Leading Wāhine: Sylvia Luke Serves as a Role Model for Lawmakers

Striving to transform into a new kind of lieutenant governor who works more as a chief operating officer.
Leading Wahine Sylvia Luke
Photo: Aaron K. Yoshino


There’s no shortage of incredible women in Hawai‘i—wāhine who work tirelessly on behalf of others, blaze trails for women and lead by example, even when that means standing up against deeply rooted injustices. Meet 15 who inspire and push Honolulu forward in everything from arts to government and restaurants to sports. Here’s Sylvia Luke, 54, lawmaker & candidate for lieutenant governor.


While leading the House Finance Committee, Sylvia Luke honed her reputation as a powerful lawmaker by asking probing questions about how the state spends money. The role earned her nicknames that included Budget Hawk, Ice Queen and Dragon Lady.


An attorney first elected to the state House in 1998, Luke says the labels don’t faze her. “It’s our job to ask some of these tough questions and hold people accountable,” she says. She points to the astronomical cost of living and the need for more affordable housing, expanding access to education and finding solutions for homelessness. And, after recent high-profile local public corruption cases, she says, officials also need to take action to restore trust in government. “We can use this experience to make government better and more effective and more accountable,” she says.


Luke now represents the Makiki/Punchbowl/Nu‘uanu areas but is running for lieutenant governor, a job often perceived as a frustrating
do-little-but-wait-for-the-governor role. She sees a chance to reshape that role into more of a chief operating officer who gets the new initiatives running smoothly. “No matter what laws we pass, unless you implement those laws, it just becomes words on paper,” Luke says.


“Unless you’re faced with it, you just have no idea.”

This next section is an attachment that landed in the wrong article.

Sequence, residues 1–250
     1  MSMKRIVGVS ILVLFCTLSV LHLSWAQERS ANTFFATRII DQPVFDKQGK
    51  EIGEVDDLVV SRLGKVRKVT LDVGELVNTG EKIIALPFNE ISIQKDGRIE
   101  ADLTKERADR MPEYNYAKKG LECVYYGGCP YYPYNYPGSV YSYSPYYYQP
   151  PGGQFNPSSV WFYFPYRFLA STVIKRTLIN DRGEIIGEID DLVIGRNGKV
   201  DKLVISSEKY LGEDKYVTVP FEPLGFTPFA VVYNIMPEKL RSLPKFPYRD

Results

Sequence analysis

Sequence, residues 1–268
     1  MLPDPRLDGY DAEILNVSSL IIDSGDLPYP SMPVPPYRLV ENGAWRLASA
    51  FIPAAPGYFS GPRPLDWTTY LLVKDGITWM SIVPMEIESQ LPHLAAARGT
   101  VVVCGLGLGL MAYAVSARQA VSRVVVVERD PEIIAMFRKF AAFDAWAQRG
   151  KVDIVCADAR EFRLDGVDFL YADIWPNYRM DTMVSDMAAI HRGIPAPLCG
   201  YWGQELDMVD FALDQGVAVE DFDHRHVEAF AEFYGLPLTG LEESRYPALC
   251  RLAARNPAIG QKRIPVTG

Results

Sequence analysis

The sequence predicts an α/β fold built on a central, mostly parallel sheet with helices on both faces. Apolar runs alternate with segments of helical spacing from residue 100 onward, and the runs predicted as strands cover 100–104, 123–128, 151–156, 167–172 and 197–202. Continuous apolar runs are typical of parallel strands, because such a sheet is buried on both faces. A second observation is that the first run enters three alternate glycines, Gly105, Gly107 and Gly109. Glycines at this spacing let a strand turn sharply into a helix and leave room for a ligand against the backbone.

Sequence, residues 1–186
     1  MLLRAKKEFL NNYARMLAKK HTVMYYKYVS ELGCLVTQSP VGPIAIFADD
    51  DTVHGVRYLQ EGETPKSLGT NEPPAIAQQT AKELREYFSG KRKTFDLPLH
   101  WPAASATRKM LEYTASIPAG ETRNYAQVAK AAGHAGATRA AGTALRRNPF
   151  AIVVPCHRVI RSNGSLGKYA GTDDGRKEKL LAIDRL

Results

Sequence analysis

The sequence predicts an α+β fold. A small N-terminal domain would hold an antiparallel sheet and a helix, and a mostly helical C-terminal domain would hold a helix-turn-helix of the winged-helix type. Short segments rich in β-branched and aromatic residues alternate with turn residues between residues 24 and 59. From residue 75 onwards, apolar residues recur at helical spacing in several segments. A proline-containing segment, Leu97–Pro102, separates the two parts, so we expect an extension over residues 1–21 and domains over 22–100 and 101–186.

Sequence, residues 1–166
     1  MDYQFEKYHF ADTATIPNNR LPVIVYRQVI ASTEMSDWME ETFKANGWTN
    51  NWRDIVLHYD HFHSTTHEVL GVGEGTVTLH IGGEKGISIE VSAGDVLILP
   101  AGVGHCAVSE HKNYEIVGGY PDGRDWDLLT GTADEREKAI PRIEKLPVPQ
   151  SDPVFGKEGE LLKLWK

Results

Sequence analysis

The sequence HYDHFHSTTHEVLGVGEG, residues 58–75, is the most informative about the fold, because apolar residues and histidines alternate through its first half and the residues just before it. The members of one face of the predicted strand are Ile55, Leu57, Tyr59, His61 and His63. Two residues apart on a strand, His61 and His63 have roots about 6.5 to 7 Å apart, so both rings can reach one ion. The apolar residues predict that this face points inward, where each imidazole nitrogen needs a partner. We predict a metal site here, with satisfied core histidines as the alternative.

As a high school senior in 1985, Luke attended a Rotary meeting to thank the organization for providing her a college scholarship, then found out no women were allowed as members at that time. She was shocked by the blatant gender discrimination. “Unless you’re faced with it, you just have no idea,” she says.


Luke, who is married with one son, says her parents—Yun Hoo (Paul) and Yun Ja Chang—taught their children to be strong and resilient as they worked hard to support their family after moving from South Korea to Hawai‘i. Although there were hardships, Luke says, “We always felt that no matter how little we had, there were always people who needed more help.”


She recalls starting school at Ka‘ahumanu Elementary in 1977—9 years old and speaking only a few words of English—and wondering how to figure it all out. Because she couldn’t read the signs, she followed classmates to the girls bathroom. Her homeroom teacher reached out, fearing “English-deficient classes” would set her back, and instead volunteered to coach her daily after school. “I’m just so grateful and that was my first kind of real experience of what Hawai‘i was,” she says.


House Majority Leader Della Au Belatti says that Luke has been a generous mentor. “I think what people don’t understand is that compromise is not a simple thing. You are constantly balancing the needs of different groups; you’re balancing the desires of multiple colleagues.”


Belatti says Luke is a good listener and has the courage to question authority. In 2007,  Belatti had just been elected, and the already influential Luke joined her in voting against then-House Speaker Calvin Say. Belatti says Luke also serves as a personal role model for lawmakers, female and male, as “she has been able to uphold positions of leadership, while maintaining a law practice and having a family.”